Earlier this week, Financial Times reported that Apple was hiring aggressively for the iWatch project.
9to5Mac provides some interesting details about Apple’s new hires, which gives us some idea of the scope of the project.
Mark Gruman of 9to5Mac claims that according to his sources, Apple has been hiring in the health sensor field:
Based on new hires, it seems that Apple’s interest in sensors focuses on the ability to measure glucose and other body level information. With this data, the product could inform users of vital information in a non-invasive way. These sensors could also pick up more data to give a user a snapshot of their health, which would be ideal for fitness applications.
To assist with the development of these sensors, Apple has hired several scientists and executives from multiple sensor developers. Some notable firms who lost employees to Apple are AccuVein, C8 MediSensors, and Senseonics.
According to AccuVein’s website, they specialize in medical imaging solutions, which “allows health care professionals to see a map of peripheral veins on the skin’s surface with the goal of improving venipuncture, the most commonly performed invasive medical procedure, and other vascular access procedures”.
C8 MediSensors was a developer of non-invasive continuous glucose monitors for diabetic patients. However, it ceased operations in February, which is when Apple went on a hiring spree.
Senseonics develops transformative glucose monitoring products. Apple has apparently hired a high-profile employee from the company to work on biometric sensors for the device.
The report also provides structure of Apple’s iWatch group. Here’s details about who is doing what according to the report:
- Bob Mansfield, the Senior Vice President of Technologies is reportedly leading the iWatch project. You may remember, Mansfield came out of retirement, and agreed to head the Technologies group during the major management reshuffle last year.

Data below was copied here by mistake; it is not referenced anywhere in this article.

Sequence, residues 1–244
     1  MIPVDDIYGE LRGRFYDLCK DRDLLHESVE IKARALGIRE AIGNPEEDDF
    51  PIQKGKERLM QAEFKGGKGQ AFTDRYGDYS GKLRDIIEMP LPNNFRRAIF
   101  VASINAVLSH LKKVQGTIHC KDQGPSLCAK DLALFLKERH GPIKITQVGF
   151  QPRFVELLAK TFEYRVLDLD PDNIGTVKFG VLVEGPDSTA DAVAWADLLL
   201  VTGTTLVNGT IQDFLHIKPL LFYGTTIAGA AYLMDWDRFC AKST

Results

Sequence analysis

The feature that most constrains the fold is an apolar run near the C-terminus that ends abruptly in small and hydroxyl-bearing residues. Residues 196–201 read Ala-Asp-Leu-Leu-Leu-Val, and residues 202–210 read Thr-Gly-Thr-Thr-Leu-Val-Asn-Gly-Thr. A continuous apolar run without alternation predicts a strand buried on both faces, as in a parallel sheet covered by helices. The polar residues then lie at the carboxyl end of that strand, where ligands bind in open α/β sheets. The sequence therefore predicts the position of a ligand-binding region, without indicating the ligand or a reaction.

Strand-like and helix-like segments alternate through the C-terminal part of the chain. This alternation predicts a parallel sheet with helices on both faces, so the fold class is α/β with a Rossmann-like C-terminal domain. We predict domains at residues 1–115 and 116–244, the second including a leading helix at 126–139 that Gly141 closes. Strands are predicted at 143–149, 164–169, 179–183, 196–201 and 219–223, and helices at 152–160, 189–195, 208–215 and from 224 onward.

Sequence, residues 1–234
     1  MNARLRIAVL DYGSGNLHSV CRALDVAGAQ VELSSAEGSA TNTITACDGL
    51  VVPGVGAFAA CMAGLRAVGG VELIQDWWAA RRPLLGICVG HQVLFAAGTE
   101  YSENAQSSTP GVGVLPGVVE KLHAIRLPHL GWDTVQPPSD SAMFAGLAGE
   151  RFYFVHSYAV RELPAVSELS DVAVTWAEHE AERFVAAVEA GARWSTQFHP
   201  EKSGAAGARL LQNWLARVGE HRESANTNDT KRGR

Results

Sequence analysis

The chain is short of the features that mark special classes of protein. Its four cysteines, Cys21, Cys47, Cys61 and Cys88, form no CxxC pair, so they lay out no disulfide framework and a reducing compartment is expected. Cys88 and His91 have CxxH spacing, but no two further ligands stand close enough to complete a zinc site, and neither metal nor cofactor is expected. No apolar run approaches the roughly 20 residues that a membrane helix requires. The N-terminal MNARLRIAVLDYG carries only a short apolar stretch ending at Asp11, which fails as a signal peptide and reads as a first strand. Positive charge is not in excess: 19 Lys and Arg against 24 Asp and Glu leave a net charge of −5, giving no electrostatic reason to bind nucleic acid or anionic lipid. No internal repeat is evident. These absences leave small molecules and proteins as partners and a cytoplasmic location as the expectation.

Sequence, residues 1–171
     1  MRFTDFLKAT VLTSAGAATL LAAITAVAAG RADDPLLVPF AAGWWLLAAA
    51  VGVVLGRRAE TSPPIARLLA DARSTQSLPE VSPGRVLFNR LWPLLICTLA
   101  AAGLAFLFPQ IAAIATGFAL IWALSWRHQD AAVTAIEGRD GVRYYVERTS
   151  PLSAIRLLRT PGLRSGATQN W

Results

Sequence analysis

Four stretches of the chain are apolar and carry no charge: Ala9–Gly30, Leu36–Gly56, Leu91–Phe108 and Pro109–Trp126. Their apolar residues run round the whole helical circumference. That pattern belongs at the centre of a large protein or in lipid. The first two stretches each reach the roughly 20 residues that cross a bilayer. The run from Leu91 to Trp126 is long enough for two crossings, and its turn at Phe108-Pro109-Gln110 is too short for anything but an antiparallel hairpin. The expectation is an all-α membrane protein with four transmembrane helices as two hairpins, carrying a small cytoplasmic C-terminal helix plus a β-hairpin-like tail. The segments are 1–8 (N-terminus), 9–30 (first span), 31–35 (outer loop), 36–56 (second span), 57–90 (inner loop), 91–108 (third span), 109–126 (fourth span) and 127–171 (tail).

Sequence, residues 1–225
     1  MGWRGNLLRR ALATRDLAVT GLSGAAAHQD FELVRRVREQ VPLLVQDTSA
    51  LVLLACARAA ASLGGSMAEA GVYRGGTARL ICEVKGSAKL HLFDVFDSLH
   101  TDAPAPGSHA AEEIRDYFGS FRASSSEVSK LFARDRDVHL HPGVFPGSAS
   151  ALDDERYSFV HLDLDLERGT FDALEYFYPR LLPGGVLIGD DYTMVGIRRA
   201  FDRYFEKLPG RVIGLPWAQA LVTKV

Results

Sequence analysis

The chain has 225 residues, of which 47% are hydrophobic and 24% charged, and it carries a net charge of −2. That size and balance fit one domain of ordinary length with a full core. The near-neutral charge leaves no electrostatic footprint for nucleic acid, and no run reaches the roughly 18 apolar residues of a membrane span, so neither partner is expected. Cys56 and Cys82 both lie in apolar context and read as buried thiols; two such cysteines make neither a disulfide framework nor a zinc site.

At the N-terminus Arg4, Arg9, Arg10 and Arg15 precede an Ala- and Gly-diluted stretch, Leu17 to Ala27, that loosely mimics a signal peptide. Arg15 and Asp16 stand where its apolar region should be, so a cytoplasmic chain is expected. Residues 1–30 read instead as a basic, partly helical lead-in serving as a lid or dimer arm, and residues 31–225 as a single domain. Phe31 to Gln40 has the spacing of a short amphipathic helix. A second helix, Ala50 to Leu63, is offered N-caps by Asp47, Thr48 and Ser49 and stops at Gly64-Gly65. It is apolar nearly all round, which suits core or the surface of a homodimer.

- Former Chief Technology Officer Kevin Lynch who joined Apple recently will be focusing on the “overall software vision” for iWatch. His team is comprised of former iPod hardware and software designers. It also includes members of the original iPhone team that worked on the assembly and miniaturization of internal components.
- Hardware designer is leading a team that is working on technologies and mechanics of the device. He has a team that specializes in sensors, chip, battery/power efficiency experts working for him.
- Jony Ive and his team is working on developing the user-facing hardware and software.
- Jay Blahnik, a famous fitness consultant and who helped Nike develop FuelBand, is also working on the project. It is not clear if he has joined Apple or working as a consultant.
- There have been rumors that Apple has a team of 100 product designers working on the project. Apple has also hired Paul Deneve, the former CEO of French Fashion house Yves Saint Laurent who will be working on “special projects” and will report directly to Tim Cook. This has sparked off speculations that Cook has hired Deneve to figure out how to sell wearable devices.
Tim Cook recently said wearable tech was an area of ‘profound’ interest for the company. He praised the Apple has also been busy filing trademark for the “iWatch” name in several countries, which indicates that it is gearing up to launch a smartwatch.
The latest rumors indicate that Apple will launch iWatch sometime next year, but it looks like health and fitness tracking will be one of the major features of the device.
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